This Strange Looking Antelope Once Roamed Across The Steppes Of Central Asia, But Widespread Hunting Nearly Drove Them To Extinction

rostovdriver - - illustrative purposes only, not the actual antelope

Once upon a time, the strange and majestic saiga antelope roamed across the steppes of Central Asia in large herds consisting of over a million members. The saiga is well adapted to the harsh conditions of the remote areas it inhabits.

However, the animals were no match for the dangers that humans presented. Due to widespread hunting, they were nearly driven to extinction.

In the past, saiga antelopes populated stretches of land from Hungary to northeast China.

Nowadays, they are confined to Kazakhstan. It is believed that over 90 percent of the saiga antelope population lives in Kazakhstan. The rest are found in Russia, Mongolia, and Uzbekistan.

The saiga antelope’s most notable characteristic is its big, bulbous nose. This feature allows it to survive in the dry, hot environment of its habitat.

The nostrils filter out dust and cool down body temperature in extreme heat. In the winter, the nostrils help warm up the cold air before it reaches the lungs. When summer rolls around again, the saiga sheds its thick winter coat.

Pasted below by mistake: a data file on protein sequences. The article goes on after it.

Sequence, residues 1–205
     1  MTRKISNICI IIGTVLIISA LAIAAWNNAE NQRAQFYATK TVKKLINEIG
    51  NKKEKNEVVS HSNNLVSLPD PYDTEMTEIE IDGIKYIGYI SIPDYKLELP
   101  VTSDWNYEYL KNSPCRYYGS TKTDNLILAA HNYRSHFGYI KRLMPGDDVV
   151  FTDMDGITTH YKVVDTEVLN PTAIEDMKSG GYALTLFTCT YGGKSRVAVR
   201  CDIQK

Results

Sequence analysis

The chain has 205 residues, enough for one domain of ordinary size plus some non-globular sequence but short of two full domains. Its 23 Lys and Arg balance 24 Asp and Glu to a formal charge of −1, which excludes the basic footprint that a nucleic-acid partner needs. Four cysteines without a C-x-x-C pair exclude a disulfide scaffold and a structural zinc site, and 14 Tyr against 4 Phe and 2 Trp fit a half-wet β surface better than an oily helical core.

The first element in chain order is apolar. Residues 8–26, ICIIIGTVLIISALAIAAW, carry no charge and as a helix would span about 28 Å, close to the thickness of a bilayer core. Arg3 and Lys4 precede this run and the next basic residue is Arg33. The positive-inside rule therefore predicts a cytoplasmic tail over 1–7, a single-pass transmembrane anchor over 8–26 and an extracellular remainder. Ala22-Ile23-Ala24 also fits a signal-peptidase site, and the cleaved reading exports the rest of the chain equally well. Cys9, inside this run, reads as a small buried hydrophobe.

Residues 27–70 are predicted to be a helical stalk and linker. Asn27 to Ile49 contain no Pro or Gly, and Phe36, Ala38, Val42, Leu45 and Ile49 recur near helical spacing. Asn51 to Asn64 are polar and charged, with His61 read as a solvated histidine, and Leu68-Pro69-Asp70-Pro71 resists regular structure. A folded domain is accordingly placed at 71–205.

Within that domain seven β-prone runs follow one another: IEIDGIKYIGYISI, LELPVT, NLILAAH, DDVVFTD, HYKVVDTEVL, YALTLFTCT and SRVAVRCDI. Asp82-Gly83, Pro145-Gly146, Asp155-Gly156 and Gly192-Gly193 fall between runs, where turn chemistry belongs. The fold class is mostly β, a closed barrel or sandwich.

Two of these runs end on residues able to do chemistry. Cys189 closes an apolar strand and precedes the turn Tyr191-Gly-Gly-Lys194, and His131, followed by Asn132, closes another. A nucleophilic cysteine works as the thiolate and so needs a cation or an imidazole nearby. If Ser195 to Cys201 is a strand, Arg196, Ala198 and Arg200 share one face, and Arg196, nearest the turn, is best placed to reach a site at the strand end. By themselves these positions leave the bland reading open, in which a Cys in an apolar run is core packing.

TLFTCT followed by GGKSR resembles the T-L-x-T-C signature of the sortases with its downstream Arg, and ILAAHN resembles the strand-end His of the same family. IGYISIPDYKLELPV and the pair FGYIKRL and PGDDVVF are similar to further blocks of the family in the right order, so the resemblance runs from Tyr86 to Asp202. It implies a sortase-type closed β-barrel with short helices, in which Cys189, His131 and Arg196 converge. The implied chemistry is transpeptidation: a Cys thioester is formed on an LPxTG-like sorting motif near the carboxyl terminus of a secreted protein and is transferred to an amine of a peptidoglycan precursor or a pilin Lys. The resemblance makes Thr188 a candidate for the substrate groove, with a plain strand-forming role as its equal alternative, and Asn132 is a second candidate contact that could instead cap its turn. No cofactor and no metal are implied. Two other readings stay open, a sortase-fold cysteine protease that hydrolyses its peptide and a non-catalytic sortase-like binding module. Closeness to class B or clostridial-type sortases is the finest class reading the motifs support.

The biggest threat to saiga is poaching. Their horns, skins, and meat have always made them a target for hunters. Their horns are widely used in traditional medicine practices.

In the 1990s, the poaching of saiga reached an all-time high after misguided efforts to turn hunters away from threatened African rhinos. By 2005, there were only 48,000 saigas left.

According to the Wildlife Conservation Network, the saiga antelope has made a comeback in Kazakhstan with the help of conservation initiatives.

rostovdriver – – illustrative purposes only, not the actual antelope

Sign up for Chip Chick’s newsletter and get stories like this delivered to your inbox.

1 of 2